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Hypomanic Experience in Young Adults Confers Vulnerability to Intrusive Imagery After Experimental Trauma: Relevance for Bipolar Disorder.

Malik A, Goodwin GM, Hoppitt L, Holmes EA - Clin Psychol Sci (2014)

Bottom Line: The current study assessed, prospectively, whether significant hypomanic experience (contrasting groups scoring high vs. low on the Mood Disorder Questionnaire, MDQ) places individuals at increased risk of visual reexperiencing after experimental stress.Findings suggest hypomanic experience is associated with developing more frequent intrusive imagery of a stressor.Because mental imagery powerfully affects emotion, such imagery may contribute to bipolar mood instability and offer a cognitive treatment target.

View Article: PubMed Central - PubMed

Affiliation: University of Oxford.

ABSTRACT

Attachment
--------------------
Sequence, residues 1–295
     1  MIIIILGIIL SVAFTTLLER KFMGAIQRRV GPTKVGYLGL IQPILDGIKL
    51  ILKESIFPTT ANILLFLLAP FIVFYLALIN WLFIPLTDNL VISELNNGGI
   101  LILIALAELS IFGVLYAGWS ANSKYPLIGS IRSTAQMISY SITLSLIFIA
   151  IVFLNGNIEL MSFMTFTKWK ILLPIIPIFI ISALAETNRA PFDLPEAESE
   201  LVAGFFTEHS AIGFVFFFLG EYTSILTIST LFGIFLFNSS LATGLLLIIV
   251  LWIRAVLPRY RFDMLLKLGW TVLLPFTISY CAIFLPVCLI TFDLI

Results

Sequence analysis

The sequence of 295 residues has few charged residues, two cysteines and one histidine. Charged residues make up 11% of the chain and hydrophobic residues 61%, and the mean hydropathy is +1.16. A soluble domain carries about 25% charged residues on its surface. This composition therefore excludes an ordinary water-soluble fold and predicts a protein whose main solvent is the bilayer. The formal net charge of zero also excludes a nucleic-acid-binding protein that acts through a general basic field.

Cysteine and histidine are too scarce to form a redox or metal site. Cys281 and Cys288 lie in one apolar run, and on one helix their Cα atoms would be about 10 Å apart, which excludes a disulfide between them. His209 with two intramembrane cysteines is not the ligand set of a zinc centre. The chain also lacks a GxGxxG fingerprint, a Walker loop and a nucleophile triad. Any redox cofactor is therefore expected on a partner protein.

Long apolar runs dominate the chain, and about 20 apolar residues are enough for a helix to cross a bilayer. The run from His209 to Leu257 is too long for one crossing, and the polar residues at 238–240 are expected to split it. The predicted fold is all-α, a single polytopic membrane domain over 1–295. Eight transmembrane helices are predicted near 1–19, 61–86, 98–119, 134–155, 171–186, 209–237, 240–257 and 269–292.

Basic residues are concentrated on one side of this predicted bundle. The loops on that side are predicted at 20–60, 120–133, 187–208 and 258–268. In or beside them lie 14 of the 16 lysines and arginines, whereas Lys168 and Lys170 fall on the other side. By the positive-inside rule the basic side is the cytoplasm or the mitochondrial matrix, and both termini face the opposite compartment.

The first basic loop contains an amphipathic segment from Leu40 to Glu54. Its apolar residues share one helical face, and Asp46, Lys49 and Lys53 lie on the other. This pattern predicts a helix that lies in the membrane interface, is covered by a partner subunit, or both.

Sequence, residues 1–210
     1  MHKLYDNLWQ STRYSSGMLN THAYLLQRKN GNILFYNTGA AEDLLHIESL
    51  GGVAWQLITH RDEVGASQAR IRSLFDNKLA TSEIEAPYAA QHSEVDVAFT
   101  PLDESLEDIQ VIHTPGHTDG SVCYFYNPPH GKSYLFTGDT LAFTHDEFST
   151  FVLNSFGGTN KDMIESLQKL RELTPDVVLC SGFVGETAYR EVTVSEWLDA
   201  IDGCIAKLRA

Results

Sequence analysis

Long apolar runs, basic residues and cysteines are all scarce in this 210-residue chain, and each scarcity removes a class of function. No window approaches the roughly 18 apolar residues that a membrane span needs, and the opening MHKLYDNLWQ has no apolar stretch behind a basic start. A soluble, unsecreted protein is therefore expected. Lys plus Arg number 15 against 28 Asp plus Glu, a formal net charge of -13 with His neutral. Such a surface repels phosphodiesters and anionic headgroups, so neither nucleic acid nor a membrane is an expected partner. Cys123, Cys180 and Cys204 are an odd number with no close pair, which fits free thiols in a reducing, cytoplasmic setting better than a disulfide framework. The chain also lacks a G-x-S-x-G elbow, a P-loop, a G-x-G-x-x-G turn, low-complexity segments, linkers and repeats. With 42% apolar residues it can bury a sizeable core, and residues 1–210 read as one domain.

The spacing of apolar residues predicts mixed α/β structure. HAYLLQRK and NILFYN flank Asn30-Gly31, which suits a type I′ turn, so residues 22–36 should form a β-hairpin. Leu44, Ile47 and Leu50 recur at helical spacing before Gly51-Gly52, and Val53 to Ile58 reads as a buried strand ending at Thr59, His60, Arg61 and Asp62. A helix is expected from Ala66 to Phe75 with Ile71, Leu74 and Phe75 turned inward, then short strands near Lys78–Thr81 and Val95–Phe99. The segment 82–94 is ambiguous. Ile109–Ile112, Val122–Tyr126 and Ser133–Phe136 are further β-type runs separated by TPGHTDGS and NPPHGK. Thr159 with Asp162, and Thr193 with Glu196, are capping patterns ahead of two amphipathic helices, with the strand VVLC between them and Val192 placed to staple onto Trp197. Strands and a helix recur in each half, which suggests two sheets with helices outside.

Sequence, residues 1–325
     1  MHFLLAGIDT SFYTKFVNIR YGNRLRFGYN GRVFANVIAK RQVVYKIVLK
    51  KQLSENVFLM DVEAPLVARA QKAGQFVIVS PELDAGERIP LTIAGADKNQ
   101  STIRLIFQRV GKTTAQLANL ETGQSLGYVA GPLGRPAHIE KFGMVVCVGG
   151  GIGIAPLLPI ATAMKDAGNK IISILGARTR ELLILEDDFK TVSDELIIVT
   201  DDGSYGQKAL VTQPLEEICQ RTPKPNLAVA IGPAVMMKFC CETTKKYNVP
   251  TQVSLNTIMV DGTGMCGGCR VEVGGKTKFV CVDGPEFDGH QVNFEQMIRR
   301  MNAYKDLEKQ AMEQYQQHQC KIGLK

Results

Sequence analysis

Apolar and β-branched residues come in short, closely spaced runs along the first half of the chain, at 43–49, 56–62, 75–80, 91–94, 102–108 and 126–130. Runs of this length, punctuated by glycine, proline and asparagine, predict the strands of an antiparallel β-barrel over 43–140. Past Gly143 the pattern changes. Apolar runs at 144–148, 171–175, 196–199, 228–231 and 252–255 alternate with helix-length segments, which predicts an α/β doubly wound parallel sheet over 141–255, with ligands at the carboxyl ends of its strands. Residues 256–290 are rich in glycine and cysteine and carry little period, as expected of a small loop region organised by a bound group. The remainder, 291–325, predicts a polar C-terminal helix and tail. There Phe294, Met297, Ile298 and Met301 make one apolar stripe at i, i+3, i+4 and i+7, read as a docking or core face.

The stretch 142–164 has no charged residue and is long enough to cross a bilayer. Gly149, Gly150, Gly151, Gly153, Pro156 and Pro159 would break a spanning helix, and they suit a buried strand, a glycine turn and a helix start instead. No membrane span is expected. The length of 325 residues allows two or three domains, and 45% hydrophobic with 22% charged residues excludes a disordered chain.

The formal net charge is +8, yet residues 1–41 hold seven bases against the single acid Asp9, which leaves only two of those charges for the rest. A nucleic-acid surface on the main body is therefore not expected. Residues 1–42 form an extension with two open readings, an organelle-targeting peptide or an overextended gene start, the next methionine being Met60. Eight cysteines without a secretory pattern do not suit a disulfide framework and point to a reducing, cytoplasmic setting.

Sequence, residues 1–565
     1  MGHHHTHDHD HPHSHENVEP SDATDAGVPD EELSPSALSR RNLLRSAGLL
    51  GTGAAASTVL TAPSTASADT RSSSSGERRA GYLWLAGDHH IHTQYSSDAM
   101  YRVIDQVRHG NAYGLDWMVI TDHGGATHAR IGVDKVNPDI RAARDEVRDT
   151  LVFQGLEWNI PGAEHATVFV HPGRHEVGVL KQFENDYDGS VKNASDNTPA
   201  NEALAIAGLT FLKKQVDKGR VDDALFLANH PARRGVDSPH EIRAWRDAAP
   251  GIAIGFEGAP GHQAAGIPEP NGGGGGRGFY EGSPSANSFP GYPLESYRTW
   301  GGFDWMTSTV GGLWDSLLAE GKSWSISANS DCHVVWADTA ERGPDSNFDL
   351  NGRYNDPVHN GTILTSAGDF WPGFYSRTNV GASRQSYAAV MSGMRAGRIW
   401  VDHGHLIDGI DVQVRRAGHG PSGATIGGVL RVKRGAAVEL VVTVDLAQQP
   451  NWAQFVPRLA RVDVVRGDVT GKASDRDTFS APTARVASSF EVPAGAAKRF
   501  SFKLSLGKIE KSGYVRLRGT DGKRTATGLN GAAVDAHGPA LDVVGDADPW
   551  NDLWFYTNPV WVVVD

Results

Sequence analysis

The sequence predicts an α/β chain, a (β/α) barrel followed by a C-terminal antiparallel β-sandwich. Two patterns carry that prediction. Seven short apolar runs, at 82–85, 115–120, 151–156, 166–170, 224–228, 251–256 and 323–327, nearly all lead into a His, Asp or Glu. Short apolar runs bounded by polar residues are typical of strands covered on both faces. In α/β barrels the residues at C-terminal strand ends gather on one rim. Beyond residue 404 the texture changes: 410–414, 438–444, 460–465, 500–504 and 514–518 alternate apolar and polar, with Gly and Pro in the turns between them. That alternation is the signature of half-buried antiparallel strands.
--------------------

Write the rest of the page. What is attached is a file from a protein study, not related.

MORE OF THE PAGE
Emotional mental imagery occurs across anxiety disorders, yet is neglected in bipolar disorder despite high anxiety comorbidity. Furthermore, a heightened susceptibility to developing intrusive mental images of stressful events in bipolar disorder and people vulnerable to it (with hypomanic experience) has been suggested. The current study assessed, prospectively, whether significant hypomanic experience (contrasting groups scoring high vs. low on the Mood Disorder Questionnaire, MDQ) places individuals at increased risk of visual reexperiencing after experimental stress. A total of 110 young adults watched a trauma film and recorded film-related intrusive images for 6 days. Compared to the low MDQ group, the high MDQ group experienced approximately twice as many intrusive images, substantiated by convergent measures. Findings suggest hypomanic experience is associated with developing more frequent intrusive imagery of a stressor. Because mental imagery powerfully affects emotion, such imagery may contribute to bipolar mood instability and offer a cognitive treatment target.